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City university drops Cass name from business school over slavery links


London’s City university has removed the name of John Cass from its business school due to the 18th-century English merchant’s links with the slave trade.

The school, based in the heart of the UK’s financial district and ranked among the world’s top 50 MBA providers by the Financial Times, will be called City’s Business School while the university consults staff, students and alumni on a new title.

The move is the latest action by London-based institutions, including the insurance market Lloyd’s of London and the Bank of England, to acknowledge their roles in the slave trade.

Other British universities are also under pressure to remove the names of their benefactors with slavery links.

The University of Bristol is reviewing the names of its buildings amid criticism of those linked to its first vice-chancellor, Henry Overton Wills III, whose family made its money from tobacco farmed by slaves in the US.

Cass was a Tory MP and philanthropist as well as a businessman, and obtained his wealth in part through his role as director of the Royal African Company — whose activities included the trade of enslaved people.

City, University of London, began using the Cass name 18 years ago when the Sir John Cass Foundation, a charity founded in 1748 to support access to education, donated £5m with a legal agreement for the name to remain in perpetuity.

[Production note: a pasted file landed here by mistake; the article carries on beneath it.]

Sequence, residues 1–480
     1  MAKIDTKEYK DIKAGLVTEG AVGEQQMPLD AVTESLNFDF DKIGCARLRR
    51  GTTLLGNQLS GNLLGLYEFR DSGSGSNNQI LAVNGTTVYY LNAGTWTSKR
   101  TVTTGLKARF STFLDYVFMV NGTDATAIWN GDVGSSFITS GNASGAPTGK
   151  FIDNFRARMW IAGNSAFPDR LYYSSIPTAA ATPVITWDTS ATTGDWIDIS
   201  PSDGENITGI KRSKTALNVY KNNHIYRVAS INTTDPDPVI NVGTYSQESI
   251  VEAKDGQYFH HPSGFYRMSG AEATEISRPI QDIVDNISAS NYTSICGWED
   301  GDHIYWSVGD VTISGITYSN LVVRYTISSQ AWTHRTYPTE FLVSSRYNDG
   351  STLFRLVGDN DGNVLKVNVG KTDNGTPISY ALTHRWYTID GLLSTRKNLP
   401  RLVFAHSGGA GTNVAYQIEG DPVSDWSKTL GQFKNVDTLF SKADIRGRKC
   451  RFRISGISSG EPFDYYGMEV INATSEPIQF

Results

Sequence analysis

Cass was a Tory MP and philanthropist who obtained his wealth in part through his role as director of the Royal African Company, whose activities included the trade of enslaved people © Leon Neal/Getty Images

At the time, the university had not appreciated Cass’s links to slavery, according to Paul Curran, City’s president. “Due diligence was done on the foundation not the Cass name,” Sir Paul told the Financial Times.

The university’s council, which voted on the change, felt able to drop the epithet after the foundation announced last month it would be changing its name, according to Sir Paul.

“Removal of the Cass name by no means marks the end of the issue,” Sir Paul added, noting that the university had initiated a review of all its historic funding for possible links to slavery, which will report on August 10.

“We have listened to the concerns of the City community about the naming of the business school and we have also heard about their individual experiences of racism and inequality in today’s world.”

Other measures being enacted include reciprocal mentoring for the university’s senior management team, in which they meet regularly with black and minority ethnic colleagues to hear how decisions affect them, and mandatory staff training in racial awareness.

The university is also considering a PhD scholarship for black students to help bring more ethnic minority academics into teaching roles, but this would be reliant on further fundraising, a spokesperson for City said.

A spokesperson for the Sir John Cass Foundation admitted that the organisation had not done enough to highlight Cass’s involvement in slavery and it no longer felt it appropriate for any of its beneficiaries to use the Cass name.

“It is clear to us now, that while firmly committed to combating racism, we failed to consider whether our own 300-year-old name and history compounded the problem,” the spokesperson added.

“We also continued to celebrate Sir John Cass without explaining or acknowledging his connection to slavery and human exploitation or the hurt and anger this has caused among our beneficiaries and our community. We recognise, acknowledge, seek to understand, and apologise for the public hurt and anger.”

This article has been amended since initial publication to make clear City university’s full name is City, University of London.


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